Sunday morning show roundup: On the GOP's Twitter problem, Hagel, immigration and political "scrum"

Romney's former senior strategist Stuart Stevens makes a rare appearance, and the Hagel debate dragged on

Published February 17, 2013 6:20PM (EST)

      (Fox News)
(Fox News)

The political talk shows focused on (surprise!) Hagel, guns, immigration and -- in a rare appearance from Mitt Romney's former senior strategist Stuart Stevens -- the GOP's Twitter aversion.

Highlights below:

On whether or not the Republican party has a "140 character" problem 

Shortly after the presidential elections, Stuart Stevens managed to alienate many on the Right for assigning blame for Mitt Romney's loss on everything but the campaign itself. When ABC’s chief White House correspondent Jonathan Karl asked Stevens about a cover story in the New York Times Magazine asking if the GOP has a technology problem -- and Stevens' own campaign Twitter aversion -- the former strategist stayed the course, saying:

Listen, I don’t think — it would be a great mistake if we felt that technology in itself is going to save the Republican Party.  Technology is something to a large degree you can go out and purchase and if we think there’s an off the shelf solution that you can with the Republican Party it’s wrong.

You know, we’ve had a lot of chance now since the campaign to spend time with the Obama folks and sometimes they had better technology, some cases we have better technology.  We don’t have 140 character problem in the Republican Party.  We have a larger problem that we have to look at and be patient about it.

On immigration 

Earlier this week, Sen. Marco Rubio called the leaked White House immigration proposal -- which, among other reforms, would allow undocumented immigrants to apply for legal status with a pathway to citizenship after eight years -- "half baked" and "seriously flawed" in a statement. Obama’s chief of staff Denis McDonough used his appearance, also on "This Week," to push back against the Florida lawmaker's statement that the president's proposal would be "dead on arrival." In his interview with Karl, McDonough had the following advice for Rubio and his Republican colleagues: Don't like the president's proposal? Then don't make us introduce it.

As he explained to Karl (emphasis mine):

The president has always approached this question of immigration reform from four principles. One, let's make sure that the border is secure. Two, let's make sure that we enforce on businesses who are gaming the system, enforce their requirements to live up to the law. Three, make sure that we are reforming legal immigration so that we can use it to make sure that those who have come here legally have a reasonable option.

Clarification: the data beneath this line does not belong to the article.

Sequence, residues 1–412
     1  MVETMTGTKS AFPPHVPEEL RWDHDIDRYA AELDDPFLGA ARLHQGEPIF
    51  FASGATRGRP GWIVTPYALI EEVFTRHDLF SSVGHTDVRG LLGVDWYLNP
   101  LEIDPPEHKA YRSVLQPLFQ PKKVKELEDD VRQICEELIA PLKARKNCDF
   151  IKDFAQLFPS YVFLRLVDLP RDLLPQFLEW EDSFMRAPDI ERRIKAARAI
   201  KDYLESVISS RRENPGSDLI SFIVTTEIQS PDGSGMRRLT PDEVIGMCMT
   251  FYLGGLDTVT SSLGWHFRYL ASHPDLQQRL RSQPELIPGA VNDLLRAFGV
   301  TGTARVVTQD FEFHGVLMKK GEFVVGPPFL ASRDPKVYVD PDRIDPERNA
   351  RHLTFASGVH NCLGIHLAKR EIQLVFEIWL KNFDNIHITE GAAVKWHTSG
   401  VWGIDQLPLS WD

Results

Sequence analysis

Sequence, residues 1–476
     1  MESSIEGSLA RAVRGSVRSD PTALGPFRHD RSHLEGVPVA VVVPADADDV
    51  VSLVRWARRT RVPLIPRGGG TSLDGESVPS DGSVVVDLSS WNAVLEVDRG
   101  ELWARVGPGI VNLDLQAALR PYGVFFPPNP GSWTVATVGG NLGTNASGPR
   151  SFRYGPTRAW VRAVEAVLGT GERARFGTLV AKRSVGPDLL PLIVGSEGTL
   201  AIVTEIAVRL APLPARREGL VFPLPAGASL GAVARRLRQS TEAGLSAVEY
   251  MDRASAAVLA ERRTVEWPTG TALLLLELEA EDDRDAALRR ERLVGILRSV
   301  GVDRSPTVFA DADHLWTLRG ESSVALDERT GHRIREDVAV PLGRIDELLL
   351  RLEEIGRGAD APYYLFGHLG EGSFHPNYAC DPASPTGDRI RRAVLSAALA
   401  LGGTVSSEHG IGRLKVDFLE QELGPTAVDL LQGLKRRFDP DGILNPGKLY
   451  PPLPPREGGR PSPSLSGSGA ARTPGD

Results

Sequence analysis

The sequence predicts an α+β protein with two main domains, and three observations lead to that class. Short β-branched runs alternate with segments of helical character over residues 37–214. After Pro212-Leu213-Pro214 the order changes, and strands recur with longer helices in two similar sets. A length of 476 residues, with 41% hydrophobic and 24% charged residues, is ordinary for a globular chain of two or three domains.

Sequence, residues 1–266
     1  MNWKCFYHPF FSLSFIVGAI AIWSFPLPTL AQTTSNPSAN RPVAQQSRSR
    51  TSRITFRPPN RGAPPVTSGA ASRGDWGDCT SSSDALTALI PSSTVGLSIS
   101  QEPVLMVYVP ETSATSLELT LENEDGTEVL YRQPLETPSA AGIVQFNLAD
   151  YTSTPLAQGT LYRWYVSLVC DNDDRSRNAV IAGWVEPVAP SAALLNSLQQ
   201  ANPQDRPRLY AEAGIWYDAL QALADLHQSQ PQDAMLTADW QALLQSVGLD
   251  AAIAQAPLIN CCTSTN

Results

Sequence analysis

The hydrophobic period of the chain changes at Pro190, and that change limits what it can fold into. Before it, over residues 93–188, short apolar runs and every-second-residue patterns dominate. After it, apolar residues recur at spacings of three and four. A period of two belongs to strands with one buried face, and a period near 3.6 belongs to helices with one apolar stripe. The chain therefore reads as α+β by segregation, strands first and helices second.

And we've not proposed anything to Capitol Hill yet. We've got a bill, we're doing exactly what the president said we would do last month in Las Vegas, which is we're preparing. We're going to be ready. We have developed each of these proposals so we have them in a position so that we can succeed, because fact of the matter is, Jon, as you know as well as I do, going back to 2001, this has been a priority for many Congresses. So let's make sure that they get this thing done. And they're up there working on it right now. Senator Rubio, Senator Durbin, Senator Schumer and others. And let's see how they do, and we'll be ready to work with them.

When pushed for further comment by Karl, McDonough pulled back, saying he'd prefer to stay out of the political "scrum" before, and if, the official proposal is announced.

On the sequester 

Also on "This Week," Karl asked McDonough about the doomsday scenario if the sequester's automatic spending cuts actually goes through:

We've heard some dire warnings about what they would mean. We've heard 70,000 kids kicked off Head Start, the equivalent of 1,000 FBI agents off the job, the Navy shutting down four air wings, delaying the deployment of a carrier striker to the Persian Gulf, and we've even had a senator talk about five-hour wait times at airports if these cuts go into effect.

So tell me straight with me, how bad will it be if it happens?

McDonough's response? Yes, in fact, it will be that bad:

When you look at sequester, the impacts on middle class families, what's it going to be? Teachers in schools, 13,000 schools are going to be-- 13,000 teachers are going to be hit, 6,000 schools. If you look at mental health, if you look at food inspections -- and you've already heard the devastating list of horribles that the Pentagon has said are going to be out there.

So the question is, on top of all those things that you just talked about is what is the impact on the middle class?

On Hagel

Hagel-mageddon raged on Sunday morning, with Sen. Lindsay Graham appearing on "Fox News Sunday" to tell Chris Wallace that he wrote Hagel a letter about his alleged Israel comment, and Hagel responded that he did not remember making it and "disavowed" the position.

But Graham was not convinced, adding "If in fact that were true, that would end that matter."

Graham justified the Republican's decision to block Hagel's nomination this week, saying the Senate was being "jammed" to support "one of the most unqualified, radical choices for Secretary of Defense in a very long time."

On drones

Sen. Rand Paul also appeared on “Fox News Sunday,” expressing his concerns about about the president’s nomination of John Brennan CIA director and the possibility of Americans being targeted by drone strikes:

“The president will not answer that he will not target Americans on American soil,” Paul said. “You should get some protection for being an American citizen… there probably should be some process,” he added.

By Katie McDonough

Katie McDonough is Salon's politics writer, focusing on gender, sexuality and reproductive justice. Follow her on Twitter @kmcdonovgh or email her at

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